By Joe Stephens
Washington Post Staff Writer
Tuesday, October 2, 2007
The president of the Arlington-based Nature Conservancy resigned abruptly yesterday, announcing his departure in an early-morning e-mail to all 3,500 employees of the world's largest environmental organization.
Steven J. McCormick, who had been with the Conservancy for 30 years and had spent the past seven as president, gave no indication of his plans.
"I've concluded that I've contributed all I can to help the organization improve its ability to fulfill the mission. I've decided, therefore, to resign, and will vacate my role immediately," he wrote in the e-mail.
McCormick, a lawyer, guided the $4.8 billion organization through the rockiest period in its history, working to sustain its growth and expand its international presence while weathering a major Internal Revenue Service audit and a two-year investigation by the Senate Finance Committee.
Conservancy spokesman James Petterson said McCormick, 56, gave employees no warning he might be leaving. Many of the chief executive's key initiatives were nearing fruition, Petterson said, and a recent summit of senior Conservancy managers ended on an exuberant note. So on Monday morning, Petterson and his colleagues were surprised to find McCormick's e-mail, which began "Subject: Resignation."
"I'm proud of what the Conservancy has accomplished while I've been President," McCormick wrote in the 14-sentence memo. "It is a more global organization today, with substantially increased attention and resources devoted to projects and activities of global importance and scale.
"I'm proud that the Conservancy has an organization-wide conservation goal for the first time in its history, a goal that is incredibly -- and rightly -- breathtaking in its reach and ambition. . . . I am also very proud of helping position the Conservancy to lead in demonstrating and realizing a new vision for conservation in the 21st Century: that our mission is not about protecting lands and waters from people, but conserving them for people."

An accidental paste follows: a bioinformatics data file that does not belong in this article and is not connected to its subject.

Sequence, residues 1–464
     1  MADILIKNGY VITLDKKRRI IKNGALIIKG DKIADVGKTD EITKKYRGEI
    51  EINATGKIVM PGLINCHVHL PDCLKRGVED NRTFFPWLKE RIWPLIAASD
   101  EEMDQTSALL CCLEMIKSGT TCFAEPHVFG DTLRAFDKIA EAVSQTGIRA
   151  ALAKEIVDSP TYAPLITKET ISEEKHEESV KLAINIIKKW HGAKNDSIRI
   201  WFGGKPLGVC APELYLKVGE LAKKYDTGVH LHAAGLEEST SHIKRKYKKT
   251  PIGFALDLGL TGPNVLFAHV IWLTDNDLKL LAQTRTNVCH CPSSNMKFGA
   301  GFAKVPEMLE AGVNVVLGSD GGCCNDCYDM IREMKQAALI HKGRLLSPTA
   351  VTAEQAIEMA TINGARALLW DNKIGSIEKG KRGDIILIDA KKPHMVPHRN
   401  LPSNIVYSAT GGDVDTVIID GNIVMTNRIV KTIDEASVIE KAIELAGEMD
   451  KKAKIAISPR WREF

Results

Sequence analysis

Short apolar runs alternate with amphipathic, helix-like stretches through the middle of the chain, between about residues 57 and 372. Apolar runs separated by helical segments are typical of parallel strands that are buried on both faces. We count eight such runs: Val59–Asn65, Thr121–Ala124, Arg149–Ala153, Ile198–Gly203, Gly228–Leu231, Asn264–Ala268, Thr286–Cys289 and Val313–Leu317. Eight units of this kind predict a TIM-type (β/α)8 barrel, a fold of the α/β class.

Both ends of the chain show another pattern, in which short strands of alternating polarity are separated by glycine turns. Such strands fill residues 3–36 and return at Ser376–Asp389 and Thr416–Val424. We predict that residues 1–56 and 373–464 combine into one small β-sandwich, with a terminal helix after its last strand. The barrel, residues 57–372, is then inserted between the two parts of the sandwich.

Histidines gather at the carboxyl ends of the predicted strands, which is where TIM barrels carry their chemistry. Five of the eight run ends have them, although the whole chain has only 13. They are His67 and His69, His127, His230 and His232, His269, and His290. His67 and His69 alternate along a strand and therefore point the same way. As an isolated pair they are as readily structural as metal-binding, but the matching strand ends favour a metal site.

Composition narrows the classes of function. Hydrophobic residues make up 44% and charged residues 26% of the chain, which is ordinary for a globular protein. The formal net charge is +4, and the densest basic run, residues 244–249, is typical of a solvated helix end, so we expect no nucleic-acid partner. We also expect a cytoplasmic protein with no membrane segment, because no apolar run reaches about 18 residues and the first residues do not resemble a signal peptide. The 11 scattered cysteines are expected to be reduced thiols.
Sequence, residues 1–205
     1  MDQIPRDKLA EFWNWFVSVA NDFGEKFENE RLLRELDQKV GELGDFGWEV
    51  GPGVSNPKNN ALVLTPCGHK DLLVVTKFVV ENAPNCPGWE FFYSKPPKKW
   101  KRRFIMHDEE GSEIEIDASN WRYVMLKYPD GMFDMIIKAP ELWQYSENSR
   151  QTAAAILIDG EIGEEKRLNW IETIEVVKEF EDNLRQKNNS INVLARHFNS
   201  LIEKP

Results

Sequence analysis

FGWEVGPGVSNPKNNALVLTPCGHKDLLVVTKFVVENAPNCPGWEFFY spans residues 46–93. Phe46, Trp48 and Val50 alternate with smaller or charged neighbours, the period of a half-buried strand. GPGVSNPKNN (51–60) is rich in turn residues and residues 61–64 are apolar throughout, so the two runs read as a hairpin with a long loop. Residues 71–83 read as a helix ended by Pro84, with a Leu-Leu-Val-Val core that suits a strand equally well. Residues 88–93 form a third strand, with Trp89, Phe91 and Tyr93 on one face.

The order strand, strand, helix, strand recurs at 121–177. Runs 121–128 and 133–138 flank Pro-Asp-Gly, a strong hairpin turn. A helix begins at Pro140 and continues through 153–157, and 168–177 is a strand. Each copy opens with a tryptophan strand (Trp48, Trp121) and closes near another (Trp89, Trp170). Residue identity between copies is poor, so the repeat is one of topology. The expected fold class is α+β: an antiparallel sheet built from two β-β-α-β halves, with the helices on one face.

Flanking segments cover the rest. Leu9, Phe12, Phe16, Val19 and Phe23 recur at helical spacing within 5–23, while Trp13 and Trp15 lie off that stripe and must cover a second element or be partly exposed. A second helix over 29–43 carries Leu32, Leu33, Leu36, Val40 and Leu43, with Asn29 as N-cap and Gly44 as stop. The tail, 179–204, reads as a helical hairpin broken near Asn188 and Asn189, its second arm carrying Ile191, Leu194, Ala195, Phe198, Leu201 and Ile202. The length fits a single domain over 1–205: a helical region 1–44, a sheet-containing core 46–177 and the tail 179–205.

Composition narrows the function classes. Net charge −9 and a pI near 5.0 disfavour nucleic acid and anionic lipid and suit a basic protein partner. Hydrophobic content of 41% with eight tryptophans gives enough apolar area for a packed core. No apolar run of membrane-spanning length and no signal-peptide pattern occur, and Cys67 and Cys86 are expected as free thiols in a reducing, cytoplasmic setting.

McCormick's e-mail also referenced the difficulties that the organization faced beginning in 2003, after a series of articles in The Washington Post traced the Conservancy's phenomenal growth and the trade-offs that its leaders had made to achieve it.
"I am proud," he wrote, "that despite a withering, and potentially irreversible, crises following the Washington Post series, and the consequent investigation by the Senate Finance Committee, the organization rallied and not only survived, but improved." He said the organization "became a more unified, more cohesive enterprise producing conservation that is more than the simple sum of its parts.
Conservancy Chairman John Morgridge praised McCormick's tenure and said he would remain an adviser for the next year. Morgridge named the chief operating officer, Stephanie K. Meeks, as acting president.
In an interview, McCormick said he kept his departure quiet to avoid distractions for his staff. He said he recently began discussing the move with board members and a handful of senior managers. He said he had grown tired of traveling, especially after he recently became ill returning from Mongolia.
"I was looking at my calendar for the rest of the year and it was just continuous travel," he said. "It's harder for me to recover from these trips than it was seven years ago."
He added that a new multi-year fundraising campaign will make the job even more demanding.
"It's a combination of things," he said of his decision. "There's never a perfect time to leave. "
He said he would like to remain in conservation, perhaps working on global warming.
McCormick played a pivotal role in the Conservancy's response to public concerns after the Post series and subsequent government examinations.
The series described how the Conservancy had logged forests and drilled for oil under the last native breeding ground of an endangered bird species. It reported that the charity's governing and advisory boards had grown to include executives from corporations that had paid millions of dollars in environment-related fines. It showed how the Conservancy had engaged in deals with executives on its boards.
The stories detailed how the Conservancy gave low-interest loans to its executives and sold scenic properties to its employees and trustees, who built homes on the sites and reaped large tax breaks.
After the Post series, the Conservancy restructured its board and banned some practices, including lending money to insiders, selling land to trustees and drilling on preserves.